Automata Archives 2016-17
Automata and Track 16 Gallery present:
WHAT ARE WE GOING TO SAY AFTER HELLO?
An uncanny tableaux vivant exploring domestic themes, cave painting, sharing of narratives and attempts at communicating through art. It’s an installation of trapped fairy tale creatures, a lost family, and recordings of chaos and history.
Automata and Track 16 are excited to present the celebrated Argentine art collective Mondongo. Just coming off considerable exposure during the Getty’s Pacific Standard Time LA-LA series, Mondongo is back in Los Angeles this winter with a performance/installation at Automata in Chinatown on January 20th and 21st, followed by an exhibition of a new series of plasticine works opening at Track 16 on February 10th. On January 22, Mondongo will present an artist talk at CalArts, as a presentation of the CalArts Center for New Performance.
At Automata, the artists will present a site-specific installation and performance that can be viewed through the storefront windows, with additional installation elements inside Automata’s gallery space. The performance and installation are looped through out the evening, so audiences can view it at any time.
Performance schedule at AutomataSaturday, January 20, 2018 7-10 PM
Sunday, January 21, 2018 6-8 PM
Note: The installation-performance can be viewed through Automata's Chung King Court windows and by entering the gallery. Viewers can enter and exit at any time during the evening stated hours.
This event is free; no reservations necessary.
Additional Residency EventsArtist Talk at CalArts,
24700 McBean Parkway, Valencia CA 91355
The CalArts Center for New Performance will present an Artist Talk with Mondongo at Noon on January 22, 2018 in the Mod Lobby, at the CalArts campus in Valencia. This event is free and open to the public.
Exhibition at Track 16 Gallery, 1206 Maple Ave, #1005
Reception on Saturday, February 10th from 7-10 pm
February 10th to March 31st, 2018
For information about Mondongo's residency events, contact email@example.com
About MondongoJuliana Laffitte and Manuel Mendanha are the duo that make up Mondongo, which blends ephemeral performances with intricate, sculptural paintings. The Buenos-Aires-based collective formed in 1999 and continues to explode with punk creativity.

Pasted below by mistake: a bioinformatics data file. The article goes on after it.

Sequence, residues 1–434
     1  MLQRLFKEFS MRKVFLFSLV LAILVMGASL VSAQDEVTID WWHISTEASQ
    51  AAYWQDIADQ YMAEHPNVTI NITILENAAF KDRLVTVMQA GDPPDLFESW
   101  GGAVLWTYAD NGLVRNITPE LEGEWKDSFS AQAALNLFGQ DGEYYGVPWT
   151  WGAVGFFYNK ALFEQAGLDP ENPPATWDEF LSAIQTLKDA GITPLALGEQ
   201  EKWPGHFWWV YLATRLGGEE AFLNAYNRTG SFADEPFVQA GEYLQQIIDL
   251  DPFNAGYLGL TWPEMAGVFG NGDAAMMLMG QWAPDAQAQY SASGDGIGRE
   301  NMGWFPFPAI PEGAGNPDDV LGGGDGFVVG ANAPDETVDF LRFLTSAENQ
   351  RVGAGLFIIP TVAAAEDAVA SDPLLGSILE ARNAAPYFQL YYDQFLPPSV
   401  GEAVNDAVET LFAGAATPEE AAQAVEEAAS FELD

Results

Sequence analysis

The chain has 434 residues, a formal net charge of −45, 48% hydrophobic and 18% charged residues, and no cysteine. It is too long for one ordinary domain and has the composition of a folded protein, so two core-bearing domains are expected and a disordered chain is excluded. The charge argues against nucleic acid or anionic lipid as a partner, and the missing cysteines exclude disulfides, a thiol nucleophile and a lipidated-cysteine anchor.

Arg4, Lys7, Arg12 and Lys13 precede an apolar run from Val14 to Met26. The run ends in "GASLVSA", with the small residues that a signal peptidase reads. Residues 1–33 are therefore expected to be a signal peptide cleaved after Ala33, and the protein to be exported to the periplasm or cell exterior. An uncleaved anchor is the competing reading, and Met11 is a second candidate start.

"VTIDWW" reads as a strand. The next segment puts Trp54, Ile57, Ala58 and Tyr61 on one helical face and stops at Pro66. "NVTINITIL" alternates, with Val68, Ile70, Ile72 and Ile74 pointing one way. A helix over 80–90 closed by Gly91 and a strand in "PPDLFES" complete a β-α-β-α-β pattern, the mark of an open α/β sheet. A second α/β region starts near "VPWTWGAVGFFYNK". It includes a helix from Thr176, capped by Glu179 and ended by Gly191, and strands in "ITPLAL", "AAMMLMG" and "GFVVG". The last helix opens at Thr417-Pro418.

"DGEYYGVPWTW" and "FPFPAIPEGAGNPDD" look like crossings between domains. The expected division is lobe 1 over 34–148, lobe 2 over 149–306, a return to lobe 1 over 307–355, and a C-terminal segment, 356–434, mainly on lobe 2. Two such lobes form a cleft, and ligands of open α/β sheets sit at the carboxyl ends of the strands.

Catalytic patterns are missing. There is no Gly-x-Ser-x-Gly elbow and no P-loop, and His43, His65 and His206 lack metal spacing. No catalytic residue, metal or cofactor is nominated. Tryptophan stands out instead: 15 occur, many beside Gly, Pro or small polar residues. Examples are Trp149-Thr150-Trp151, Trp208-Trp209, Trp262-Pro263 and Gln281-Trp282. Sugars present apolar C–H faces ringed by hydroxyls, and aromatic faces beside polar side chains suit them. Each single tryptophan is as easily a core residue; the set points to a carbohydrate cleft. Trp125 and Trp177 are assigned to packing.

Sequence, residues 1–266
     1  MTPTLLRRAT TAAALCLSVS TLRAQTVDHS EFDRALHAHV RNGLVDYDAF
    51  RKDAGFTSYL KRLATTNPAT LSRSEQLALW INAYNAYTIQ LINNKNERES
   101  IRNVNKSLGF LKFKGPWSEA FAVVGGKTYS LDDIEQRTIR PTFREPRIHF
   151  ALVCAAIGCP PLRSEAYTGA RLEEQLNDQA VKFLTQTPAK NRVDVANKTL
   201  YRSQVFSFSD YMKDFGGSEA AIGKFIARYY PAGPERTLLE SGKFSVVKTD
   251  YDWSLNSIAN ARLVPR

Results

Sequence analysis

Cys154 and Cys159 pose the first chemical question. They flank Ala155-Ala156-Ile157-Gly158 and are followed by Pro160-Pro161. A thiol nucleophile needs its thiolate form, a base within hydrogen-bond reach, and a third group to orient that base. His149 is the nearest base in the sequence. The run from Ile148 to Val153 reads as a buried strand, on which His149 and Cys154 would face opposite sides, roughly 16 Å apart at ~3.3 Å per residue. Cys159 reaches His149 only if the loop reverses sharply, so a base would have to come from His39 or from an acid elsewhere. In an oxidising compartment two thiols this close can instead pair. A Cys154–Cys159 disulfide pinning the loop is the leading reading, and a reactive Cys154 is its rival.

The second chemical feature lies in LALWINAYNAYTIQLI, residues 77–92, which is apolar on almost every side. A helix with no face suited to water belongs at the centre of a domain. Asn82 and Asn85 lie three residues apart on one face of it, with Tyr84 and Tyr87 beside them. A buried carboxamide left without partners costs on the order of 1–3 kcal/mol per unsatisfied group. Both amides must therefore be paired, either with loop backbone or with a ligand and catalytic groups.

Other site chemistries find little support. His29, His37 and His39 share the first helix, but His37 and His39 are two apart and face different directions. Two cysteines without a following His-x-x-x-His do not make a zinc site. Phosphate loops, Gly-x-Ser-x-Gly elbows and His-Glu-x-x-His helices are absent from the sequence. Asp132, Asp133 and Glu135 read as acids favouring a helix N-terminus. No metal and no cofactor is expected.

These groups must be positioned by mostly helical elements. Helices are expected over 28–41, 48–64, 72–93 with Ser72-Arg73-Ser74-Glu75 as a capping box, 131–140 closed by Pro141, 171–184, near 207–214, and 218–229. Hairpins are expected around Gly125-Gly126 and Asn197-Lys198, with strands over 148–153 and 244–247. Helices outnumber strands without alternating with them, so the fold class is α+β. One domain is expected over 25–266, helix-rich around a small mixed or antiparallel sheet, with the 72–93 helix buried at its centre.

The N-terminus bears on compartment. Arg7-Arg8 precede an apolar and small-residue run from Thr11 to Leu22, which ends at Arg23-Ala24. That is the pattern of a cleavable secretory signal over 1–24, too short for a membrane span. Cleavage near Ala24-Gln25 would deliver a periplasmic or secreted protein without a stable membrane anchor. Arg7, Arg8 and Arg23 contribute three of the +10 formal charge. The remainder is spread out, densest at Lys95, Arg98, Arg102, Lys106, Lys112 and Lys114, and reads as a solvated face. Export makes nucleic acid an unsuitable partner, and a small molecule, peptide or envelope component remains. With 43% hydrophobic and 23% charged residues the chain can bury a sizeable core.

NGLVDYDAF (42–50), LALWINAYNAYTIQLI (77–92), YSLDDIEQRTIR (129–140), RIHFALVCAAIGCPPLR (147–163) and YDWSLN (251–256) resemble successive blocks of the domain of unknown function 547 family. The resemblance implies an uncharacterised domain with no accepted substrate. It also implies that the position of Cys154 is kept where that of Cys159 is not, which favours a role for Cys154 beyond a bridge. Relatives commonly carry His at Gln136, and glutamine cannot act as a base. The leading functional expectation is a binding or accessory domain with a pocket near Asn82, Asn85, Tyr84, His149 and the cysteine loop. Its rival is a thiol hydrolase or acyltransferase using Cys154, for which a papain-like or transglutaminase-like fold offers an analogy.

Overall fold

Mondongo’s work translates the dark side of fairy tales and the subconscious, whether through a chilling Pinocchio mask made of geometrically shaped mirrors, or work featuring Little Red Riding Hood with lurking Big Bad Wolf close behind. Writer, artist, and early documenter of Mondongo’s work, Cecilia Pavón wrote a statement for “What are we gonna say after HELLO?” In it she relates, “one way of the other, every piece created by Mondongo is about mourning, an inexhaustible feeling anchored in childhood and playing.” This play is executed with technical virtuosity, frequently using a variety of unusual materials, such as thread, toast, meat, or nails. One favorite material for the collective is plasticine. When the pieces are viewed at a distance, the images are rendered exquisitely, yet on closer examination the illusion breaks up into thousands of built out plasticine bits, layered, artists’ hands visible.
Lafitte’s parents were evangelists and “during her childhood, she had witnessed several exorcisms and seen many unbelievable things that she could never forget. Early life experience seems to inform the dark spectacle that permeates the mood of the work. The performance pieces bleed into the public space, luring the passerby to witness a display of the unconscious, drawing on surrealism and ritual. Mondongo’s performances are reminiscent of a masque, the European courtly entertainment of the 16th century, which includes mute performers in carefully constructed, architecturally ornate spaces. Figures inhabit spaces manipulated by light and sound. In one performance, many undulating arms and hands thrust into the cramped space, making silent demands of the masked performer—begging for a piece of cake or shredding the gossamer dress with scissors. The performance evokes a frequent theme in the work of the collective: desire and consumption.
There is redemption in this process. Pavón describes the exchange between viewer and work as healing and shamanistic. She explains that the art is “understood as a ceremony, where information is transformed into an unknown energy capable of making people connect with their pain, even if they don’t realize it.”